|Die Frankfurt-Tipp Bewertung:|
|Laufzeit:||Approx. 230 min.|
|FSK:||From 6 years|
In the middle of the 19th century poverty, famine and oppression reigned throughout Germany. For hundreds of thousands, emigration is the only way to escape this misery. In Hunsrück, too, many people dream of a better life in a new home. One of them is the young Jakob (Jan Dieter Schneider), who uses every free minute to read and learn the language of the jungle Indians. He is firmly convinced that one day he will be able to use them when he has found his own paradise in the forests of Brazil. But the way there is long and dreams alone are not enough to bring him there. Jakob's father in particular, who puts all his strength into keeping the family, has no understanding for the daydreams of his useless son. Only in Jettchen (Antonia Bill), the daughter of an impoverished gemstone cutter, Jakob seems to have found a kindred soul. But whenever a small shine of hope warms the lives of the two young people, fate strikes with bitter harshness and threatens to destroy every spark of their hope and longing…
With "The Other Homeland" filmmaker Edgar Reitz continues the spirit of his legendary "Homeland" trilogy. Once again the focus is on the Simon family from the fictitious village of Schabbach, but this time in 1840. The village was painstakingly built up for the shooting, with Reitz attaching great importance to using only materials that were available to people in the 19th century. The same should also be done when tailoring the costumes. Thus the actors were offered the greatest possible authenticity, in which they could embed their realistically designed game. The film was shot with a largely natural illumination in black and white, with small elements such as flames or flowers being colored every now and then. This symbolises the small glimmers of hope that light up again and again in the sad everyday life of the people here.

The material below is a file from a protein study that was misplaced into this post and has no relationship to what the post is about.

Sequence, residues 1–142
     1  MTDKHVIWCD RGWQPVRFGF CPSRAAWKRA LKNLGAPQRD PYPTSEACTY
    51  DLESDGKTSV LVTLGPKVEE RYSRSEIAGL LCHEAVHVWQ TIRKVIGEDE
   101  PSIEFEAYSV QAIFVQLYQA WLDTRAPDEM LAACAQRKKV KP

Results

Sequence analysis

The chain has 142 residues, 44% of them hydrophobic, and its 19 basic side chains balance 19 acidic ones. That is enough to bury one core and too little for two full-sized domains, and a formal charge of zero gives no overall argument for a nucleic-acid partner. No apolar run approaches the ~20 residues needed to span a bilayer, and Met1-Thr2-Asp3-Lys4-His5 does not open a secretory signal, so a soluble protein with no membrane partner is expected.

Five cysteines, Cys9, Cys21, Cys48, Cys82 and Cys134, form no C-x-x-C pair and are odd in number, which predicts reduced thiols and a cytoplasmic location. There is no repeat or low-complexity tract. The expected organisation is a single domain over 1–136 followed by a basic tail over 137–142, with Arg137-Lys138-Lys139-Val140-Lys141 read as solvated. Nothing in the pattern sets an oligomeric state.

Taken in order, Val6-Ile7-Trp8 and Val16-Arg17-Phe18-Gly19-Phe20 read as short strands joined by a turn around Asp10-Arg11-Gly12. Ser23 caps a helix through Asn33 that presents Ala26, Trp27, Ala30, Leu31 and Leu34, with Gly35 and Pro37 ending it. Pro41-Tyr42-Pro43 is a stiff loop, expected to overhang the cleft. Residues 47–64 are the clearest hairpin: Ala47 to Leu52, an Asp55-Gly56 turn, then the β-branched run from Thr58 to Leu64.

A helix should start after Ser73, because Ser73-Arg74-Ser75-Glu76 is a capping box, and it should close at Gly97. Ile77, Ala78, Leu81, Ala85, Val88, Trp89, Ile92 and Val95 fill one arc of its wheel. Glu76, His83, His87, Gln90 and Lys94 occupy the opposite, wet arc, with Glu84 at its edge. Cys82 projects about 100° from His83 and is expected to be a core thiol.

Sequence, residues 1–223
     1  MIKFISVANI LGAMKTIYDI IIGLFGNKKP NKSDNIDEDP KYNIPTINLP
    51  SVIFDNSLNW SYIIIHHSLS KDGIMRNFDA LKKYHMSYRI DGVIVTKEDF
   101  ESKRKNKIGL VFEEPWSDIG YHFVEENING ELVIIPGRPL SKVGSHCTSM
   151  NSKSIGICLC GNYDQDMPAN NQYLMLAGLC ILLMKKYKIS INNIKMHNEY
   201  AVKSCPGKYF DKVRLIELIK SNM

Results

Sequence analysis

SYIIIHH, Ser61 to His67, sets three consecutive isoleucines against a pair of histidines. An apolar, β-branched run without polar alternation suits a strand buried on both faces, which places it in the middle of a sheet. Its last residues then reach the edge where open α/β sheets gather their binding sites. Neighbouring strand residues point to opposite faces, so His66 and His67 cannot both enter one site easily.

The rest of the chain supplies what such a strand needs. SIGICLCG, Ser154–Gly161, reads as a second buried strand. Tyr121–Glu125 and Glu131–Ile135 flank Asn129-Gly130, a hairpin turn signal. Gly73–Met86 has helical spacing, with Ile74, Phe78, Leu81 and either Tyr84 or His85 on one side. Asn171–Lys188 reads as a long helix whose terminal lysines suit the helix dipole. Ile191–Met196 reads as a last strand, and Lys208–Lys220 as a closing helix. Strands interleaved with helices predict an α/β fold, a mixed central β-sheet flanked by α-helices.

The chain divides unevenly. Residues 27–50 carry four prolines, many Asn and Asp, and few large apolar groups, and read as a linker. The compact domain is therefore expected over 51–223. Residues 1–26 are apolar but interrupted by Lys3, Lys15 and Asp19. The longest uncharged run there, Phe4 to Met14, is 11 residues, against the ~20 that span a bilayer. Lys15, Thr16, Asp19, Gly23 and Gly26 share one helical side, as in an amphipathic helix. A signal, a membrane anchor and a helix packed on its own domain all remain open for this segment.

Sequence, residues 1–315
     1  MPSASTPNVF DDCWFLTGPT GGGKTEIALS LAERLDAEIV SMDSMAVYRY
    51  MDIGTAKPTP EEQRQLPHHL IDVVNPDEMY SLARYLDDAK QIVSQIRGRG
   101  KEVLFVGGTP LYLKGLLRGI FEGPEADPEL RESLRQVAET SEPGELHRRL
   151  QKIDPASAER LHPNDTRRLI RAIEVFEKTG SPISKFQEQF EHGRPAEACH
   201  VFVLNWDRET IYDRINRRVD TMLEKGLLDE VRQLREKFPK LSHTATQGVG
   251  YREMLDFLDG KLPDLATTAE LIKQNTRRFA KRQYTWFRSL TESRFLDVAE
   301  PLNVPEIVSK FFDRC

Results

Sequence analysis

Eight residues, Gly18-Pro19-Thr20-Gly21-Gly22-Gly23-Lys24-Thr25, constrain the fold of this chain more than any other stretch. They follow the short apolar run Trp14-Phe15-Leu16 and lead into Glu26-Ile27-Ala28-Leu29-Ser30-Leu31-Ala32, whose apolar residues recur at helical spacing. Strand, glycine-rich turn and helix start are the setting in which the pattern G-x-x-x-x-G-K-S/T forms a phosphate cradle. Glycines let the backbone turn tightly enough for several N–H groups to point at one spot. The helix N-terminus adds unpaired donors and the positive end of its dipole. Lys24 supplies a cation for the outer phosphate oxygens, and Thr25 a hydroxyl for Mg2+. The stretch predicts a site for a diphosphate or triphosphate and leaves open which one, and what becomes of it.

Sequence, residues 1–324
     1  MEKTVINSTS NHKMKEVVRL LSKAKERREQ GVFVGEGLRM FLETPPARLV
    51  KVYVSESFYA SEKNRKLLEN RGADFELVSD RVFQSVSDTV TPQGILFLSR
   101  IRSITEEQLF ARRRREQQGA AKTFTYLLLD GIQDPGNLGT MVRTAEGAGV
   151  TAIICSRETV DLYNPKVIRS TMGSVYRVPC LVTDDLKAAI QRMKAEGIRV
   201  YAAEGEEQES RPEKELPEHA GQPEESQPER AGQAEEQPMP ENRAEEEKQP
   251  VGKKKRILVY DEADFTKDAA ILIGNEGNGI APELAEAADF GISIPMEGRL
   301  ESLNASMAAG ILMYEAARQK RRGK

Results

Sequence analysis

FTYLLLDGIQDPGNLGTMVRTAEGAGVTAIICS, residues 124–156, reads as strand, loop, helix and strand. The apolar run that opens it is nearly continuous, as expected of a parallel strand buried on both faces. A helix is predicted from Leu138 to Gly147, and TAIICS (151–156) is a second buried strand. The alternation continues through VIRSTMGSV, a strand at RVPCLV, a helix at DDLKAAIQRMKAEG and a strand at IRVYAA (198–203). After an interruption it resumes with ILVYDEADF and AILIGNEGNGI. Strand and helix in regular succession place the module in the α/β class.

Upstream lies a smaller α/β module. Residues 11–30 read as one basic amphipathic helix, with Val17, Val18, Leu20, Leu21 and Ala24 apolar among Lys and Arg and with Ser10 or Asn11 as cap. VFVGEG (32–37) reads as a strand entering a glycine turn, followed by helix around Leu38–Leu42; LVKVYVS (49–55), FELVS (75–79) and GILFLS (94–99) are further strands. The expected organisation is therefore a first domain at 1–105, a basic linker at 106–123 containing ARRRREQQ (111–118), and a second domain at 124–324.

"The Other Home" is a truly ambitious project that can be described as absolutely successful in terms of its intentions. But it's also a very difficult and bulky movie, which demands a lot from its viewers. Thus, the very carried narrative style over almost four hours is just as exhausting as the authentic dialect, which is at times somewhat difficult to understand. In addition, the drabness of the content, which is maintained by constant blows of fate almost throughout the film's entire duration, ensures that the film cannot necessarily be described as what is generally regarded as entertaining.
The mammoth work is therefore a very special challenge that only viewers who are familiar with the narrative style of Edgar Reitz and appreciate his previous "home" films should face. For those who know what they are getting involved with are offered a truly special work that takes the viewer back to the year 1840 for four hours, makes hunger, suffering and cold really palpable and sets an intense contrast to the fast-moving everyday life with its carried pace. No easy cinema cost and for those viewers who can't make friends with the somewhat unwieldy style, this is a real test of patience. But those who love challenging programme cinema fare and historical fabrics of a very special kind should definitely visit "The Other Home"!
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